NEWMAN, Ill. (WCIA) — “You have a bad week, you don’t have enough to pay the bills? What are you going to do?” That’s one of the questions Erica Quednau-Burris is constantly thinking about as a business owner in Central Illinois.
She’s not the only one drowning in the harsh reality of knowing the business may be forced to close. But, she’s working hard to find a way above the surface — willing to do anything to stay in the community.
Newman is home to about 800 people in Douglas County. There’s an American Legion, a Post Office and a small strip of stores in the middle of town. But, with prices rising and people bouncing back post-COVID, it’s been tough to keep some doors open.
Grilling burgers and taking orders is one small part of a typical day for employees at the Corn Crib in Newman.
Quednau-Burris and her husband, Scott, enjoy running a place where everyone can gather to eat good food.
“The Corn Crib is a small town family-owned restaurant and bar,” she explained. “We’re doing this for the community.”
Lately, it hasn’t been smooth sailing. Owning a restaurant is sometimes easier said than done.
“Finances have been a struggle,” Quednau-Burris said. “We are doing our best, and we are taking some money out of our own pocket to help keep this place going.”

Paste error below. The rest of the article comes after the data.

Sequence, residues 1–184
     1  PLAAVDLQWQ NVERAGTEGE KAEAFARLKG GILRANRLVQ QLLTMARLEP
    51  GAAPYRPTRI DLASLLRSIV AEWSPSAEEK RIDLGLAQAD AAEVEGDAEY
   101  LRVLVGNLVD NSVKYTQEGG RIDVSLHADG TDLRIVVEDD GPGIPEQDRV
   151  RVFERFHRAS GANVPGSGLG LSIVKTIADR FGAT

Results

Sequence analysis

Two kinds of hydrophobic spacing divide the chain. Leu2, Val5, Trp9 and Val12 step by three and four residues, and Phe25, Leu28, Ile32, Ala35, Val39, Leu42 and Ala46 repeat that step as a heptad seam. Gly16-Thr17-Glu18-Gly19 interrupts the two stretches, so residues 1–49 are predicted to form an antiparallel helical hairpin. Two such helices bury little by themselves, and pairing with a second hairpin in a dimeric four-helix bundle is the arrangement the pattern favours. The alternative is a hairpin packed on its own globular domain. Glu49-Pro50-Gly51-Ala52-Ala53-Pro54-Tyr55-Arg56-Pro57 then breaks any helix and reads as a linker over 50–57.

They’re not the only ones facing the harsh reality in small-town America.
“I think that our inflation in the last two, three, four years has affected a lot of folks,” Steve Littlefield with the Littlefield Group said.
He knows there is a way out.
“I think you have to be community-minded or an area-minded business,” he explained. “When you do that, hopefully, good things start to happen for you.”
“We changed up our menu a little bit, we changed up our hours a little bit, focused on customer service,” she said.
Those small changes are making a big difference. On Feb. 1, they hosted a “customer appreciation day” to unveil new menu changes. Quednau-Burris said there was no better feeling than seeing people coming in.
“It was just so great to see people in here again. It was loud, it was fun, it was just really nice,” she described.
The business owner is optimistic the momentum will carry on into the future.
“All small businesses right now are working their butts off, just give them a shot,” she said. “Give them all a chance, you may find something great.”
To keep business booming, Quednau-Burris said to stop in or connect on their Facebook page. At the end of the day, she wants the restaurant to have a warm and cozy feel as if you’re getting a big hug when you walk inside. She wants everyone’s honest feedback to create a fun atmosphere and a good time.